In our application notes and articles on validation, we usually stay at the level of principles and best practices because every application is different. The regulations published by the FDA and EMA, as well as other regulatory agencies such as SFDA and PMDA, are written broadly for just this reason: the needs of each product and the parameters of each environment will, more than any other factors, determine how you will apply the practices described in regulations and guidance.
Having said that, along with providing monitoring and validation systems, we enjoy delving a little deeper into some of the issues that come up in the validation applications of our customers and contacts. We often receive questions from customers in logistics regarding simulating a worst case scenario as a method for qualifying containers used to transport pharmaceuticals. In this article we discuss considerations for qualifying a transport container that will be used for regulated products like pharmaceuticals, medical devices, or biologicals/HCT/ps.
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Route & Time Span: Consider a situation where you are attempting to simulate the circumstances of a transport application by
performing a mapping study of a transportation vehicle. The vehicle –
let's say a one-ton truck – must be qualified with an IQ/OQ/PQ in both
empty and loaded conditions. So, the first question we ask is: Is it necessary to perform the study along
the actual distribution route?
Many customers trying to lean out their validation processes have asked us: Is it effective to
simulate the distribution route, I.E., parking with engine on,
cooling/heating unit power on?
Well, let's imagine a case where the route is domestic and approximately four hours in transit. To simulate the route, you want to design a test method based on the
worst-case that could be encountered on that route. For instance, one worst-case scenario is that due to traffic problems (or some similar delay) the truck ends up sitting in full sunlight during the hottest part of
So, to profile the scenario for a longer-than-expected transit time, it's justifiable to create a simulation where you map for six hours, while
the truck is sitting out under the sun for the hottest part of the day. You will get key information from such a test.
Actual Product or Analog in Loaded Conditions: Another question on simulation is whether to use actual product in your studies? Obviously you can't put actual product at risk if you are stress testing to a point of failure. You can't afford to lose the produce. We suggest using a simulation product, because we are only trying to mimic the thermal response of a given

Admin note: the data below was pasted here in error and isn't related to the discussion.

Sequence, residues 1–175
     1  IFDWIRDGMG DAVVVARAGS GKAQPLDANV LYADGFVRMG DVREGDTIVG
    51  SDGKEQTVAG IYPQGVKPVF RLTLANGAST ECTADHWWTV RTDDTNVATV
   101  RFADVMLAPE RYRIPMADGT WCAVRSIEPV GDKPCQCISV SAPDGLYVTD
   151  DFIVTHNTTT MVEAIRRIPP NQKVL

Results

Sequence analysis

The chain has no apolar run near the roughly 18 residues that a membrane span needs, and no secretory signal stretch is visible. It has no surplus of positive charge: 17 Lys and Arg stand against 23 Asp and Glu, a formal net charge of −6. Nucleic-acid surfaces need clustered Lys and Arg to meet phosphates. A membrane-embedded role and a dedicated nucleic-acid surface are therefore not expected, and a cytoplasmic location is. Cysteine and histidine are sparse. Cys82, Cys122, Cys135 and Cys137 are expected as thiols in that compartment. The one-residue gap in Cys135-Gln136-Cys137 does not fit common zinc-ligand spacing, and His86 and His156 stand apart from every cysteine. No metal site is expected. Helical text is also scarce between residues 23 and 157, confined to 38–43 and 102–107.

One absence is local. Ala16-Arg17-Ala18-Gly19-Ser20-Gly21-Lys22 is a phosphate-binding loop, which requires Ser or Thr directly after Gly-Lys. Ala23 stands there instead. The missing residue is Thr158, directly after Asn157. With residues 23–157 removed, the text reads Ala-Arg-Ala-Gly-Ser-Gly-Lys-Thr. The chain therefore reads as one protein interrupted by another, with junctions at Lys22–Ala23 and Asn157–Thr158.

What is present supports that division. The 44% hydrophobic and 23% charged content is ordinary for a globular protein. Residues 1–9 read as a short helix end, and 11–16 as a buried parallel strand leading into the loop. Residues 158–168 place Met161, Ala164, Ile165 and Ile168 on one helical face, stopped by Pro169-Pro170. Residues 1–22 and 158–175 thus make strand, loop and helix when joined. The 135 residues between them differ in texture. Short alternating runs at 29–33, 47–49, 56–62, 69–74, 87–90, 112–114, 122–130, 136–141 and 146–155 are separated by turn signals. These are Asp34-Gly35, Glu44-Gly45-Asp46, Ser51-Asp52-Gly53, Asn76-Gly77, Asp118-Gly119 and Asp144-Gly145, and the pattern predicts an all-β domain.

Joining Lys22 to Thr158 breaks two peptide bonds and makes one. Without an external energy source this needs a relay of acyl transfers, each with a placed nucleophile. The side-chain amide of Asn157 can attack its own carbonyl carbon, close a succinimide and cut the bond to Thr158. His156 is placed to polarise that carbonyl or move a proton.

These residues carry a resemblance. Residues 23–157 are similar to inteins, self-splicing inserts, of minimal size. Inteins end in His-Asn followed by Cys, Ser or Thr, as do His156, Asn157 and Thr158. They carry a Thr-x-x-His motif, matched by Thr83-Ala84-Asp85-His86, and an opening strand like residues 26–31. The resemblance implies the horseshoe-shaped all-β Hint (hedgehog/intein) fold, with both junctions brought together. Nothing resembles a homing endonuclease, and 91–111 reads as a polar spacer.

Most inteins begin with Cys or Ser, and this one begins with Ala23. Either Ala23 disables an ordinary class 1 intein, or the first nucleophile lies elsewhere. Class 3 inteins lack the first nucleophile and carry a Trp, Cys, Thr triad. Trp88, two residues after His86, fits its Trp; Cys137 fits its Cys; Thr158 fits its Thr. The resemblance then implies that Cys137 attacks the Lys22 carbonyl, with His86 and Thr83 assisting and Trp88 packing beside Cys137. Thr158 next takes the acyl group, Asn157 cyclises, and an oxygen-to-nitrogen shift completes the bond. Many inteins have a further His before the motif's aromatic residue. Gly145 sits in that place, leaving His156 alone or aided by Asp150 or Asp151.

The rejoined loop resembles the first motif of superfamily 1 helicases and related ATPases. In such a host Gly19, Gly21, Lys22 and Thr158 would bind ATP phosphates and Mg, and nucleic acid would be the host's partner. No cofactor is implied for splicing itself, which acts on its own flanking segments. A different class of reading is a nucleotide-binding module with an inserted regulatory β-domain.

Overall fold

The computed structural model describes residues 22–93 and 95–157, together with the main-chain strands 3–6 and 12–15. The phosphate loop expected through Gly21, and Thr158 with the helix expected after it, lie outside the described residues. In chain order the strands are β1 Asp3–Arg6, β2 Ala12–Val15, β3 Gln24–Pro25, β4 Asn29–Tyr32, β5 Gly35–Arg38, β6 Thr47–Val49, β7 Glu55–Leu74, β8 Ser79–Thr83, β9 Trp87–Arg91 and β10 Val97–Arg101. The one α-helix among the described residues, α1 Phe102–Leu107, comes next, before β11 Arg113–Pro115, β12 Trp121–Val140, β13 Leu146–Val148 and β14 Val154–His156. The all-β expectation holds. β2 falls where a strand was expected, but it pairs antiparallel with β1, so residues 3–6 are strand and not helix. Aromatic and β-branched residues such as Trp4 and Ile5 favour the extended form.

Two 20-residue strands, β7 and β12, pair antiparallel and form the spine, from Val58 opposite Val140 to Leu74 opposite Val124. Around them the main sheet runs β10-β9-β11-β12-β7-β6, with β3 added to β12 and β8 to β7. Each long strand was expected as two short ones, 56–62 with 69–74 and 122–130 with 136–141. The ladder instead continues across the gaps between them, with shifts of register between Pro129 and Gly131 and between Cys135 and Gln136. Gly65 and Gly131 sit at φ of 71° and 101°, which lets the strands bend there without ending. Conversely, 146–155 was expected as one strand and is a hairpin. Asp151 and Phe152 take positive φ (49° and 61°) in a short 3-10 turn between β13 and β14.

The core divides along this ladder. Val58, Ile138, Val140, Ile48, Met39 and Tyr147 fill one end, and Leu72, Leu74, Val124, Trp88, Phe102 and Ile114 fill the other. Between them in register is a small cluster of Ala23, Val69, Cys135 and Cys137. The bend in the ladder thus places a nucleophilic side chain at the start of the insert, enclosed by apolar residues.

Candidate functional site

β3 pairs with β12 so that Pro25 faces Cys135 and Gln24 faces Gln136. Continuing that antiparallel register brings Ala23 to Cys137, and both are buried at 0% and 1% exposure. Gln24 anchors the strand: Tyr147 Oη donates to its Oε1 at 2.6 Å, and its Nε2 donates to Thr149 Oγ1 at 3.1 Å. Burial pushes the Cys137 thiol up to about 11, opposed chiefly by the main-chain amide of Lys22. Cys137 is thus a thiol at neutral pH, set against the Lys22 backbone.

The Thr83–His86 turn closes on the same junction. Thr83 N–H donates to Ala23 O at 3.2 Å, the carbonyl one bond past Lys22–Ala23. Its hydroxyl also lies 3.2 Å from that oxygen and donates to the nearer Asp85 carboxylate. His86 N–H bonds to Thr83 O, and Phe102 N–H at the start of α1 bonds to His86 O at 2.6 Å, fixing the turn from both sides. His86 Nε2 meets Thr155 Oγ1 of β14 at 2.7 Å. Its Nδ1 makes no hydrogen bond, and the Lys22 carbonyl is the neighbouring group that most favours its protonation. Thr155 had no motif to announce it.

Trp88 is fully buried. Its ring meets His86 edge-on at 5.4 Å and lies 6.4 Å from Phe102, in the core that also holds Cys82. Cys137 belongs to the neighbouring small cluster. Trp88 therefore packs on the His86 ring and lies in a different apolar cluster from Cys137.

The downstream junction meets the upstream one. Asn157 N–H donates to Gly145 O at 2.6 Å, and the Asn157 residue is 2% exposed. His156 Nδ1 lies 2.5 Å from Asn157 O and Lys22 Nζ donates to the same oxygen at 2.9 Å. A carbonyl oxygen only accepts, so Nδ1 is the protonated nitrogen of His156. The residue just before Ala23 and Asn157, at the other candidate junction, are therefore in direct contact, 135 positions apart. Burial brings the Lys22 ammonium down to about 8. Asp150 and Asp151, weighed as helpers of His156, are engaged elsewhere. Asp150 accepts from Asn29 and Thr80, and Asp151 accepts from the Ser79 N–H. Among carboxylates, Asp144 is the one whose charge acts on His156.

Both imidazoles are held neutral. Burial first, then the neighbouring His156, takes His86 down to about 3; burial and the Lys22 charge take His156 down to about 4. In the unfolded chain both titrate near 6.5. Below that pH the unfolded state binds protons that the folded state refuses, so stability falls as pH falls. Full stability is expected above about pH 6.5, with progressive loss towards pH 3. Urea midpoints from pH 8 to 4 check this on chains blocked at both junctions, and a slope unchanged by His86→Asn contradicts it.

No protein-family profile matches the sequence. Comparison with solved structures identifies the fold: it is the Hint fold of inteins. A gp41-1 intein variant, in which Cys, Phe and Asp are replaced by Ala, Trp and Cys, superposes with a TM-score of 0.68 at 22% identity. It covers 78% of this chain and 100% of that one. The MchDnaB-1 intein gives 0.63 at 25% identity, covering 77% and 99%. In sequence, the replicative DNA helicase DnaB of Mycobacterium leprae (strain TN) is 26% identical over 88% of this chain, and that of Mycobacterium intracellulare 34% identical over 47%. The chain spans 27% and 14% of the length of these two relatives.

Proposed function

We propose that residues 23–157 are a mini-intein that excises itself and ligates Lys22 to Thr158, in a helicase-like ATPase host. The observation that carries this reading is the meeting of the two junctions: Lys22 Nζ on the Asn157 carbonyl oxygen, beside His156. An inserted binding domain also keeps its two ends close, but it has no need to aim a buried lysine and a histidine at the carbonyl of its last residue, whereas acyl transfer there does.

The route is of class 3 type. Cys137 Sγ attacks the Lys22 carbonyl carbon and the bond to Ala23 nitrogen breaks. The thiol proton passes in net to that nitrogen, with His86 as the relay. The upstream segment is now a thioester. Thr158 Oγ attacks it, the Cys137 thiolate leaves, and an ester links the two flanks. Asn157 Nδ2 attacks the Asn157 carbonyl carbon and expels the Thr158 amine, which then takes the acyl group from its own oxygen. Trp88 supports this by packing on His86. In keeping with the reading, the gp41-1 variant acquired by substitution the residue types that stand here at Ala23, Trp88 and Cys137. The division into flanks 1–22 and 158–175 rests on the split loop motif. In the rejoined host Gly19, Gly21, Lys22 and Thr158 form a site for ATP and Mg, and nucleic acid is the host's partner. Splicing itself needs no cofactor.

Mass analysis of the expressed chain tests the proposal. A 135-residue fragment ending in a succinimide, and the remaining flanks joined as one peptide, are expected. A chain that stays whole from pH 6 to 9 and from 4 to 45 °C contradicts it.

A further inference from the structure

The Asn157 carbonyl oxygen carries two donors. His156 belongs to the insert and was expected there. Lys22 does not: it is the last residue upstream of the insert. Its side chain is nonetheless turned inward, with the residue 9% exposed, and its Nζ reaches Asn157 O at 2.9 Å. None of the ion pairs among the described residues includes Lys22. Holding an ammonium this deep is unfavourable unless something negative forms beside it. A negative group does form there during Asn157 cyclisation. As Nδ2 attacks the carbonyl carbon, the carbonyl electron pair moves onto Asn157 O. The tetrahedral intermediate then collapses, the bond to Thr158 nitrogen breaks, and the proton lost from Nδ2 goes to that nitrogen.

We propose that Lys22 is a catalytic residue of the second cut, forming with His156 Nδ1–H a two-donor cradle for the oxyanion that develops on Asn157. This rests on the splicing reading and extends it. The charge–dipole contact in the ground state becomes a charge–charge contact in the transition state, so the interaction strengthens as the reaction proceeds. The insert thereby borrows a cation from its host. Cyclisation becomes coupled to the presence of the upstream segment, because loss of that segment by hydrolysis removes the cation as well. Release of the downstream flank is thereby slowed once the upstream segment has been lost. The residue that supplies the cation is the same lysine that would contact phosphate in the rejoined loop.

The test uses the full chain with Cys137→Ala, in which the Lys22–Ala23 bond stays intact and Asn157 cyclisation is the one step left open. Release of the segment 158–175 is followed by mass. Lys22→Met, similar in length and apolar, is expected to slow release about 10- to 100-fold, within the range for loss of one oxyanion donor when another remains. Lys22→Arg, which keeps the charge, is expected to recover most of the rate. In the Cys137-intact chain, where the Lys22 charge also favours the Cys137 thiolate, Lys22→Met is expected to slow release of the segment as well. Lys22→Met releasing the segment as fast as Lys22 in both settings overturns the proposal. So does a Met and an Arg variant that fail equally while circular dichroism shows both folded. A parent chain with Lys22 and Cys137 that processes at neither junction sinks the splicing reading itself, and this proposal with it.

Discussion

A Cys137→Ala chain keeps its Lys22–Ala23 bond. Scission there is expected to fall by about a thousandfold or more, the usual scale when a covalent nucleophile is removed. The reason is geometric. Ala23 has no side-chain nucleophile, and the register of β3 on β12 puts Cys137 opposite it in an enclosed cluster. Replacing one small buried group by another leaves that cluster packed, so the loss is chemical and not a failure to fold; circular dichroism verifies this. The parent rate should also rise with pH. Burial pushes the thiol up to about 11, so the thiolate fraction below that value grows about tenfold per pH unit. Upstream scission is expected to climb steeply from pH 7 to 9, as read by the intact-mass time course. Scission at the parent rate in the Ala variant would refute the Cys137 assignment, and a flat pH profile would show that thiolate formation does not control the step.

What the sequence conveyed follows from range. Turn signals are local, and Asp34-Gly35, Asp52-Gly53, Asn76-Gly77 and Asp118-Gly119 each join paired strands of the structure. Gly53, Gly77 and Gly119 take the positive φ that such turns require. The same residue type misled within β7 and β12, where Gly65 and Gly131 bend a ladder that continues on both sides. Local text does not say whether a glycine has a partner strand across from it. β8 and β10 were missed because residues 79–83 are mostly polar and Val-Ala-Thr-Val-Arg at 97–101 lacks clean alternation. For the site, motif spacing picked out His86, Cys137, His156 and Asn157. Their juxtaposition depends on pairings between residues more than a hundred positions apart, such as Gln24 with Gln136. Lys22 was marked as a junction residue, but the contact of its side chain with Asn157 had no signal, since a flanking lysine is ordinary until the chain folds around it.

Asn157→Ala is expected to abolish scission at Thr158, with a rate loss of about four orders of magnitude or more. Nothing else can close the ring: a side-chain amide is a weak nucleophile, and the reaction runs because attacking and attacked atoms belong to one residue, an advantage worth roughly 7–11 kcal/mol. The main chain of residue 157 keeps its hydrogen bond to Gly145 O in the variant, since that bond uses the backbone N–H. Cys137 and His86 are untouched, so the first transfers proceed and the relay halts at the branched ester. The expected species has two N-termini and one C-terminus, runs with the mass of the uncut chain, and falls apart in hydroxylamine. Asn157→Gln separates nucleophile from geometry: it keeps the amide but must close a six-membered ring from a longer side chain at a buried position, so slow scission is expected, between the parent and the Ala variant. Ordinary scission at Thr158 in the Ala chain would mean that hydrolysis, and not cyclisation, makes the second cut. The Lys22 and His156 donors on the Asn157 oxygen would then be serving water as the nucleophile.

product, not its chemical properties. For the chemical properties we look to the stability testing data of that product, and that
data informs your product’s specifications: I.E., Between 2°C and 8°C.
Simply challenging a material with similar thermal behavior would
be sufficient to qualify the trailer under the worst conditions it will
encounter; the maximum length of shipping time and the hottest or
coldest temperatures along the route.
Options upon Establishing a Point of Failure: If you challenge the route, the shipping equipment, and timing only to find that the temperature cannot be maintained within
specifications over the route, you have several options. But the first and most critical point of validating the scenario is to KNOW what you are testing for... so that when a failure (Out-of-Spec conditions) occurs, you will know what element of your shipping application to fix.
For example, you may need to adjust
the truck’s cooling system settings and retest. Or, the cooling system
of the trailer may need maintenance. It may even be that you need a different truck, a different
route, or a different packing system. Just be certain you don't end up fixing an element of the shipment that didn't actually cause the out-of-spec conditions.
Remember: THIS is the purpose of a mapping
study! Identifying the weakest points in your shipping application was why you decided to create worst-case scenarios. You are looking for where the failure happens so you can offset or eliminate it as a risk.
The goal of validation is defined as:
"The action of proving, in
accordance with the principles of GDP, that any procedure, process,
equipment, material, activity or system actually leads to the expected
results. It is a process using documented evidence that provides a high
degree of assurance that a specific process will consistently produce
the predetermined outcome." - WHO guide Quality Assurance for Pharmaceuticals
Further Reading: Here are some great resources on validation to review and reference in your mapping documents: